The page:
The past seven days in Greece have been marked by the furor over a public disagreement between the Troika and the Greek government on the former’s suggestion that the latter embark on a EUR 50 billion privatisation programme as a means of gaining additional funds for debt reduction.
The controversy apparently originated with European Commission representative Servaas Deroose, who in interviews apparently suggested that Greece
“sell” beach-front land, listed publicly controlled enterprises like electricity utility Public Power Corp., and engage in a massive sell off program of state portfolio holdings and real estate to raise EUR50 billion from privatizations by the end of 2015. The effort is deemed as absolutely necessary to reduce the nations EUR 330.1 billion debt, according to Deroose’s comments.
What was controversial was not only the timing and manner of the Troika’s announcement, which was widely interpreted as being in the imperial (or imperious) manner of giving orders, but also the scale and timing of the plan. The number “50 billion” took most people by surprise, although there is some evidence that the government had already agreed to this in prior discussions with the Troika.
The government reaction was swift. Prime Minister Papandreou called IMF President Dominique Strauss-Kahn to complain; strident statements were issued by the Government spokesman; a political uproar ensued among the political parties and media. On Tuesday, the Prime Minister, in an apparent fit of panic, announced the drafting of a law to eliminate all sales of public land or assets to the private sector without an Act of Parliament.
Most observers in Greece and elsewhere were probably caught by surprise by the scale of the hostile reaction. After all, the government itself has already committed itself, on 2 June 2010, to an aggressive privatisation plan with an approximate value of EUR 7 bln (available on the Hellenic Ministry of Finance’s website). This plan includes a mix of listings (IPOs), minority share sales, leases, and public-private partnerships involving the following organisations:
- Agricultural Bank of Greece
- Airports, Ports and OSE
- Sewerage and Water Companies
- Energy Companies, including DEH, DEPA and ELPE
- Telecommunications (OTE)
- Games (OPAP, Casinos)
- Real Estate holdings by KED, OSE and Olympic Properties.
The actual situation, however, is far more complex. One could summarise the shocked reaction of the government due to the following, pervasive political sensitivities, which should not be ignored or underestimated:
a. The government’s privatisation programme does not include outright, majority share or asset sales as a main policy objective. Instead, it relies on a mix of instruments which are designed to retain public control over the asset in question. For instance, the public shareholding of TrainOSE will remain at 51%; 49% will be sold to a strategic investor. The public shareholding in the Public Power Company (DEH) will remain at 51%, but wholesale and retail markets will be “opened”. This reflects a core political belief within PASOK that the state must continue to play a dominant role in the ownership of what it calls public goods. It is also the reason why, under its current form, it is highly unlikely a privatisation effort will succeed (more on this later).
b. The public reaction to asset sales to the private sector brings with it the spectre of corruption. The Vatopedi scandal, in which a monastery in northern Greece managed to exchange almost worthless marshland into a portfolio of public property which by most estimates was valued at over EUR 200 million is an ongoing scandal in Greece, for which no criminal or civil responsibility has been assigned (the legal investigation is theoretically ongoing, but has been politicised by the Parliamentary inquiry into the affair).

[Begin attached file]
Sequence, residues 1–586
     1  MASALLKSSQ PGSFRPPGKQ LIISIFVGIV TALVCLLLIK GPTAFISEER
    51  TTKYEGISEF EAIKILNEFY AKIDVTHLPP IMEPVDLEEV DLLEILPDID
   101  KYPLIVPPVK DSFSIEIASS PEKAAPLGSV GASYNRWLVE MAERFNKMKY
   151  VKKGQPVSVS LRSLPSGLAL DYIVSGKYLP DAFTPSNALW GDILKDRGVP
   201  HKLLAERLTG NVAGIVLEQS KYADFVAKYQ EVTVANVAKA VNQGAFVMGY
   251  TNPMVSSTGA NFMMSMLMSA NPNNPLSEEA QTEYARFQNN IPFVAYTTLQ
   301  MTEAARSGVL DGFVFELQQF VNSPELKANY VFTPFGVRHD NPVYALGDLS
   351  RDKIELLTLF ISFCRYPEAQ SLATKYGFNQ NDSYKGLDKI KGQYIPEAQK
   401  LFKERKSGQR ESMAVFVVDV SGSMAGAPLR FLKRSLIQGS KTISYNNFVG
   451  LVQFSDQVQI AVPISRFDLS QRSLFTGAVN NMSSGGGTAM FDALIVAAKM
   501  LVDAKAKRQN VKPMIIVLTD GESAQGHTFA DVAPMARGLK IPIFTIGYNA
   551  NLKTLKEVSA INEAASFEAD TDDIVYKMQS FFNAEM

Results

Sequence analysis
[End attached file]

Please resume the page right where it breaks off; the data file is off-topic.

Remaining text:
c. Even the partial privatisation of state-owned enterprises like the Public Power Company or the Agricultural Bank of Greece comprise a major political risk for the government. Labour unions such as GENOP (part of DEH) retain very real political influence, particularly within PASOK, and are no strangers to militant action. These unions have been well-trained and deployed in drastic opposition tactics by PASOK against the Karamanlis and Mitsotakis governments, and now have no compunction about using these same tactics against PASOK. The highway blockades mounted by farmers and truckers, the public transport strikes and the current strike by DEH are all indications of this. While any one privatisation would be expected to create significant social tension, PASOK’s privatisation plan calls for the partial sale or liberalisation of no less than 16 major entities. This is a recipe for political disaster, to put things mildly.
For this reason, I believe that on the one hand, the government has made a series of critical mistakes in its privatisation and liberalisation policy. But on the other hand, it is nearly inconceivable that Greece will manage to sell (or “exploit”) EUR 50 billion in the next five years. My reasons are the following:
Government (Regulatory) Side
- The political risk to proceeding with partial privatisation of DEH, let alone 15 other entities, is massive. I believe that PASOK’s chances of successful implementation in the face of political opposition will be less than 15%, while its chances of actually devising an attractive and sustainable investment plan for these entities are close to zero.
- The terms of investment are fundamentally unattractive. No investor in their right mind will purchase 49% of a state organisation, leaving the remaining 51% in the hands of an unstable government which is reluctant to face down militant, left-wing unions. PASOK would be better off examining outright liquidation or a 100% sale, but this is politically impossible for them to contemplate.
- The requirement for Act of Parliament to approve transfer or partial privatisation is an act of investor genocide, to put it mildly. No responsible investor is going to put the success or failure of their investment in the hands of a parliamentary vote. This will be a future disincentive to investors as well, since we can assume that political turbulence will increase in the future, and that eventually a consortium government may come into being.